NEWTON, Iowa -- The NASCAR Nationwide series has been dominated by double-duty Sprint Cup drivers all season, which isn't exactly a new phenomenon.
The so-called "regular guys" on the Nationwide tour are hoping to break that trend in Iowa.
The Nationwide series will make its second stop at Iowa Speedway on Saturday night with a thinner-than-usual roster of double-duty drivers. The Sprint Cup race in Pocono on Sunday starts less than 18 hours after the green flag drops in Iowa, so just eight drivers are scheduled to double-dip this weekend.
That could leave the door open for the likes of Justin Allgaier, Trevor Bayne or Steve Wallace to snap a stretch of 16 races without a win for a Nationwide-only driver.
"I feel like it's not impossible for us to win a race," Allgaier said. "I think towards the end of the season we're going to see more Nationwide-only guys win races."
Allgaier should know, of course. He's the only non-Sprint Cup driver to win a Nationwide race this season, crossing first at Bristol on March 20.
Allgaier was the Nationwide rookie of the year in 2009 and has continued to show he's one of the brighter young talents in stock car racing. The 24-year-old Allgaier is third in the points standings behind Cup drivers Brad Keselowski and Carl Edwards, and he led 35 laps at Iowa last year before a string of bad luck left him 15th.
Bayne has taken the last two poles in the Nationwide series. Neither translated into a win -- though he did finish a career-best third at Gateway two weeks ago -- but his No. 99 car has run its best races in back-to-back weeks.
Though the challenge of running against Cup drivers has been a daunting one for Nationwide regulars, Bayne said he appreciates that struggle. He thinks it's only going to help him in his quest to become a Cup regular himself.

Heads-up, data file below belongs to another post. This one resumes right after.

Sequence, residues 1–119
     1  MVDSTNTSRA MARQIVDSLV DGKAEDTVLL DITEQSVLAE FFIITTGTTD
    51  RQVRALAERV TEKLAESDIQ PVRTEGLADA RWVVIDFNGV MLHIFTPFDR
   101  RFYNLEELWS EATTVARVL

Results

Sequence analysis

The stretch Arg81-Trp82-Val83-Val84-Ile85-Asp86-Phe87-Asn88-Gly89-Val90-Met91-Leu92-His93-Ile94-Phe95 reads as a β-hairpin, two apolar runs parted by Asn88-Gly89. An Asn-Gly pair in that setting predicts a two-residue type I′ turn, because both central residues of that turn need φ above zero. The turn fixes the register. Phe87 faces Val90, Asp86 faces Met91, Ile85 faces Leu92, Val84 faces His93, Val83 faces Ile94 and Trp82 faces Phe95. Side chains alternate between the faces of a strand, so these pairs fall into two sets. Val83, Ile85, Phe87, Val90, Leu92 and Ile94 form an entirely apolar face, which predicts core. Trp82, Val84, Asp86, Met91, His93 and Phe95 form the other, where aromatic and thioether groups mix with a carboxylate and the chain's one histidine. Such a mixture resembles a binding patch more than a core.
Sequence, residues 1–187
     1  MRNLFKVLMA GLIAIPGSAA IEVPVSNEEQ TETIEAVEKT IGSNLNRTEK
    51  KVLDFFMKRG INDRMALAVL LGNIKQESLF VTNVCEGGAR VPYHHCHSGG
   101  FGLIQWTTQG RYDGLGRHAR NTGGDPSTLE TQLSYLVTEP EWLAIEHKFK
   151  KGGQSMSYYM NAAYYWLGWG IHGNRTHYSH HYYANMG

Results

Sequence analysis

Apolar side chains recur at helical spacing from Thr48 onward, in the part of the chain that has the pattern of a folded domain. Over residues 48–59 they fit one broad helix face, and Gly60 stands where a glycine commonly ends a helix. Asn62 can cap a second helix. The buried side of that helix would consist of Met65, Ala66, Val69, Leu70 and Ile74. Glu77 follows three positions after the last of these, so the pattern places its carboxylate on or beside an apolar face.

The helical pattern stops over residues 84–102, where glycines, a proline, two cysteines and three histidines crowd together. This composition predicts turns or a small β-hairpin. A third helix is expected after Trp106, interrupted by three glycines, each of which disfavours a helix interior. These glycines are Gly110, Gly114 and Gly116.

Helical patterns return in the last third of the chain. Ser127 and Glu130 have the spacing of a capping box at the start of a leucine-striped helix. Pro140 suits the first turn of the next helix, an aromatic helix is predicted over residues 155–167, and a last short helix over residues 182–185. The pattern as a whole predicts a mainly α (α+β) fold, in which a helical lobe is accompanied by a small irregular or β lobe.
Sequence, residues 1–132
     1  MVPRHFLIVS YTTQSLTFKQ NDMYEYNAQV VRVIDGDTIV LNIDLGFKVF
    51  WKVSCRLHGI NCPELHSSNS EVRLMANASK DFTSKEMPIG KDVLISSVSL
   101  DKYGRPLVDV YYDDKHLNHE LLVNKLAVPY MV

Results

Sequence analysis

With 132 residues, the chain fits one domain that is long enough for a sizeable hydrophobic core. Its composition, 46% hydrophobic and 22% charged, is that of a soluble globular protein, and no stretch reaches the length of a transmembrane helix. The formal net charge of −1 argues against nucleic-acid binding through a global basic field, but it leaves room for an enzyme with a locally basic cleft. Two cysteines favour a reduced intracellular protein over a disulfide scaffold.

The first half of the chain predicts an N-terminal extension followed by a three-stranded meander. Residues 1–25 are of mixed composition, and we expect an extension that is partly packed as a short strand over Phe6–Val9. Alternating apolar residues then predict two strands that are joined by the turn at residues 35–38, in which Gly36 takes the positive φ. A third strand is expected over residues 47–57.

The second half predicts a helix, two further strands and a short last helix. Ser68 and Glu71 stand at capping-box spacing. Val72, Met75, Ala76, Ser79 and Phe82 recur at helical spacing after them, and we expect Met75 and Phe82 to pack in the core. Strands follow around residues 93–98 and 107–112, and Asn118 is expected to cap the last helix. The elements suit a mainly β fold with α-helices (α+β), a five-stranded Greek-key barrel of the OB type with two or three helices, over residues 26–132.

"I know we can be fast here. I think we've got a good shot at these Cup guys this weekend, probably as good as any weekend remaining in the year," Bayne said.
"That's what is going to benefit me the most is racing against these guys every weekend," he said. "It's going to make me a better driver. And racing against this tough equipment. I mean, if everything was just handed to us, it would seem easy and we'd step into Sprint Cup and we'd struggle."
Wallace enters Iowa with eight straight top-15 finishes, a streak that trails only Edwards and Keselowski. He'd also seem to have the edge in Iowa, since the 0.875-mile oval was designed by his famous father, Rusty Wallace, and he won the inaugural ARCA event at Iowa in 2006.
Then again, Wallace got involved in an accident at the NASCAR Truck race at Iowa Speedway three weeks ago and finished a disappointing 30th.
"We all need to try a little harder to get these cars handling better and try and beat these Cup guys," Wallace said.
Of course, the likes of Keselowski, Edwards, Kyle Busch and Kevin Harvick will be in the field as well, and recent history suggests that one of those guys will end up on top. Last year it was Keselowski, who moved past Busch with eight laps left for the win.
There's also the matter of the "Dash for Cash," a $50,000 incentive for the winner as long as they're either Nationwide-only drivers or double-duty running a full Nationwide schedule.
Harvick and Busch won't be eligible for the prize, though the money would be a luxury for them. That's not the case for the series regulars, and things could get interesting if Harvick or Busch are out in front late with a few "regular guys" on their tails.
"Any time you can bring home cash, it could get ugly at the front," said Brendan Gaughan, a Nationwide-only driver ranked eighth in the points standings. "If it's two (Nationwide) regulars that comes down to it and a regular and a Cup guy that comes down to it, 50 grand is worth making a few enemies."